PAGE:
2. Transfer the aortic arch to the pinning bed and place a drop of PBS on top of it. Begin cleaning the aorta from remaining periadventitial adipose tissue under a stereomicroscope.
    1. Use Vannas scissors and Dumont forceps to gently peel away all surrounding adipose tissue without manipulating or damaging the aorta. The Sudan IV will stain adipose tissue brightly and it is crucial to remove all such tissue at this point.
      NOTE: Keep the aorta moist at all times applying additional PBS when needed.
  3. Cut open the aorta in the coronal plane by introducing the Vannas scissors in the aortic lumen to expose the intimal surface. Begin to cut the outer curvature of the ascending arch in distal direction and continue to cut open the branches including the brachiocephalic artery. Spare the dorsal part of the descending thoracic region.
    1. Cut open the lesser curvature and fold open the aorta to display the intimal surface.
      NOTE: This step requires fine motor skills and needs some practice to master.
  4. Pin the open arch to the pinning bed using the blunt end of minutien insect pins. Use a micro Castroviejo needle holder to put the pins in place. Gently bend the pins away from the specimen when in place. Pin the aorta flat on the bed without stretching the specimen. Store the pinned arch facing downwards in a Petri dish filled with PBS at 4 °C.
    NOTE: The protocol can be paused here.
  5. Prepare a working solution of Sudan IV. Mix 1 g of Sudan IV powder, 100 mL of 70% ethanol, and 100 mL of acetone in a dark bottle and gently stir for 10 min. There is no need to filter the solution and it can be used for a couple of months if kept dark at room temperature. If the staining color is not satisfactory, a new solution can be made and the specimens stained again.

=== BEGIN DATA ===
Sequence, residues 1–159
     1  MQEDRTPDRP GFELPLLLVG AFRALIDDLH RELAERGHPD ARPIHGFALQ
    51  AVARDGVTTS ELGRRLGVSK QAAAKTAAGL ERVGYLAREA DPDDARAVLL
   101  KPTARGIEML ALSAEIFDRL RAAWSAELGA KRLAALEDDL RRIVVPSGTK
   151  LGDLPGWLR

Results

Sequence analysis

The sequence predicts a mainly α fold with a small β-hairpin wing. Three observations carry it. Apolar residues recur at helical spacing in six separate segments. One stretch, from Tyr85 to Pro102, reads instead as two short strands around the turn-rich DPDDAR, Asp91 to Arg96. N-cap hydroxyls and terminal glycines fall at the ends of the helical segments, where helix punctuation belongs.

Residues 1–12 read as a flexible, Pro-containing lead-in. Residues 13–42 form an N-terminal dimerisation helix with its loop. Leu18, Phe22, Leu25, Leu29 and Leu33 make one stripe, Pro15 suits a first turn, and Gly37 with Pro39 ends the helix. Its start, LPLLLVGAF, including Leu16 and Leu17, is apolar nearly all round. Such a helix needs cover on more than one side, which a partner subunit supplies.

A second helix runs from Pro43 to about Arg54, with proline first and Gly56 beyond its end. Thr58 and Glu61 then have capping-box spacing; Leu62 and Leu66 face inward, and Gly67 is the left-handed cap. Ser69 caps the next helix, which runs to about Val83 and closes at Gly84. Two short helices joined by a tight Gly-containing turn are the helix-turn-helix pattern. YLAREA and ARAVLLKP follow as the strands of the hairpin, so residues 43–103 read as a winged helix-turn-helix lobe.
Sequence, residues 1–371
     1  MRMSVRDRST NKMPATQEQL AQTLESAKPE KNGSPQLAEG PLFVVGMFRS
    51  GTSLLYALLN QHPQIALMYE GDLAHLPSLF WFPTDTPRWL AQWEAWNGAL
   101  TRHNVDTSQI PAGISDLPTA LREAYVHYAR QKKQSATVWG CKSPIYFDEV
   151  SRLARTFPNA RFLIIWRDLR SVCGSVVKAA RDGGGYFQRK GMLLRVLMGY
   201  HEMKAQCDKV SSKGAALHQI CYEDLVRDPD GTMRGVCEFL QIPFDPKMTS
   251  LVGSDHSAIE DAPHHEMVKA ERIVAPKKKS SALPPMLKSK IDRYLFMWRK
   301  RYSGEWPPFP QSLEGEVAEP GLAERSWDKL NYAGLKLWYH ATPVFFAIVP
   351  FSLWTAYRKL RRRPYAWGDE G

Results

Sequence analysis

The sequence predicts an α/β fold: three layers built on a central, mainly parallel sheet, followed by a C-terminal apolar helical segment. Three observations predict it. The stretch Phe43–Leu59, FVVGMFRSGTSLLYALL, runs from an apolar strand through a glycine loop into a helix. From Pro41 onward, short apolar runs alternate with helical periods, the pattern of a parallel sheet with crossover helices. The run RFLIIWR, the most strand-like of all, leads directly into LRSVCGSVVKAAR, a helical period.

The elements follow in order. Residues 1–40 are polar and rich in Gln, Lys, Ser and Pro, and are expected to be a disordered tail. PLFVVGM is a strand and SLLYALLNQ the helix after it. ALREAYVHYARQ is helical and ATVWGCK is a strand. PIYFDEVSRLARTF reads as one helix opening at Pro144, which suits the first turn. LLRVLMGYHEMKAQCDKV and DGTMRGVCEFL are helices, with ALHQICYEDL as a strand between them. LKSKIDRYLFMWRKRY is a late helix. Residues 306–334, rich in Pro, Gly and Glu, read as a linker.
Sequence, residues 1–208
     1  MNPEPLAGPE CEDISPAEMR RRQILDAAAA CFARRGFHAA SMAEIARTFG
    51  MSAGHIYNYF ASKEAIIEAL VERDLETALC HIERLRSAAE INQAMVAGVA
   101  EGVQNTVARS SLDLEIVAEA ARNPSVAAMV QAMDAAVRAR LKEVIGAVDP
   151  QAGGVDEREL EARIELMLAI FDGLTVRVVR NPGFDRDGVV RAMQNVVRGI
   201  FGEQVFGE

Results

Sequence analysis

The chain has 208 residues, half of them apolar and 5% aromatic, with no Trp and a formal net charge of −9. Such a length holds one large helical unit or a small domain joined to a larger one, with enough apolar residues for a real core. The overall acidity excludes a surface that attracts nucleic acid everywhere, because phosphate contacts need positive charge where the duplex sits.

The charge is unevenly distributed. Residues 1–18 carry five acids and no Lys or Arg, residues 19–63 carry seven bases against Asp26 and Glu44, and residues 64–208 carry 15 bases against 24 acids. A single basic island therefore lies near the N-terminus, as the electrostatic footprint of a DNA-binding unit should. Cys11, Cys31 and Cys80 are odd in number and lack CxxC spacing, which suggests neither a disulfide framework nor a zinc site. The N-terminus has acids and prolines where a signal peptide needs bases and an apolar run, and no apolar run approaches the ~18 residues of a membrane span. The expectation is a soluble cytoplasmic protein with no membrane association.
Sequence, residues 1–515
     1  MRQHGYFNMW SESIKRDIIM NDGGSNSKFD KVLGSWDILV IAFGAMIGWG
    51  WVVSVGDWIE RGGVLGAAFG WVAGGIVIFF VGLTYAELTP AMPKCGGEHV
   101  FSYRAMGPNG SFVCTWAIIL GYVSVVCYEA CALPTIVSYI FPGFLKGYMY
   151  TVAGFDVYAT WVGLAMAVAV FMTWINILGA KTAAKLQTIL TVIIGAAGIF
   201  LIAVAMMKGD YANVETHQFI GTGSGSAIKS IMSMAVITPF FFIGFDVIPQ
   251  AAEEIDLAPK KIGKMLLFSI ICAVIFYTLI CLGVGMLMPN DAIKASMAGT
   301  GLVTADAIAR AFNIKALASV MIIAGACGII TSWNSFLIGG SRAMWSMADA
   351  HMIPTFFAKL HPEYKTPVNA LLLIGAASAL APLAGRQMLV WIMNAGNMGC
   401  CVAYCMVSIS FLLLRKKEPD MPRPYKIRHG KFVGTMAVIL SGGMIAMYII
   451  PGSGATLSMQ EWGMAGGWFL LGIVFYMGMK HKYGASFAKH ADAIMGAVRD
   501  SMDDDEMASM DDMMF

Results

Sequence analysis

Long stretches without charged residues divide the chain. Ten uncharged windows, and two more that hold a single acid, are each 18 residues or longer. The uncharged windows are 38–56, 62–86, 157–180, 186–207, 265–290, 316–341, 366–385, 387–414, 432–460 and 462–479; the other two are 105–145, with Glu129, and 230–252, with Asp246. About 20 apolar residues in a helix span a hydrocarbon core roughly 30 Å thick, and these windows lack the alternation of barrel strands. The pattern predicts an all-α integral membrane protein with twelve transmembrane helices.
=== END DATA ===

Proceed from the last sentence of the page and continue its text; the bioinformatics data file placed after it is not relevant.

CAUTION: Acetone is a flammable liquid that could cause serious eye irritation. Store in a well-ventilated place and take precautionary measures when handling.
  6. Arrange five Petri dishes on the lab bench: one filled with 70% ethanol, one filled with Sudan IV working solution, two filled with 80% ethanol, and one filled with PBS.
    1. Start with rinsing the specimen in 70% ethanol for 5 min by placing the pinning bed in the first Petri dish with the arch facing downwards. Transfer the specimen to the Sudan IV working solution and let it stain the arch for 7 min.
    2. Next, rinse in 80% ethanol for 3 min twice to destain the normal intimal surface. Destaining time could be adjusted to optimize results. Lastly, rinse in PBS before putting the specimen back into the original Petri dish.
  7. Acquire micrographs using a stereomicroscope at 10 times magnification connected to a digital camera. Take pictures of the pinned arch submerged in PBS using small metal weights (20 mm x 10 mm x 5 mm) to hold the pinning bed to the bottom of a Petri dish. Place a ruler next to the aorta for calibration of the image.
  8. Use an image analysis software (e.g. ImageJ) to determine lesion area and total intimal surface. In lack of anatomical landmarks to define the aortic arch, measurement is usually performed from the start of the ascending aorta down to the first intercostal branch (Figure 2A). Use the area quantification feature in the software to manually encircle the total intimal arch area.
    The lesion quantification should be done in a blinded fashion and it is advisable that a second investigator confirms the results.
    1. In ImageJ, select the polygon selection tool and encircle the total arch area by repetitive clicks. Then select measure in the analyze menu to display the total arch area in the result window.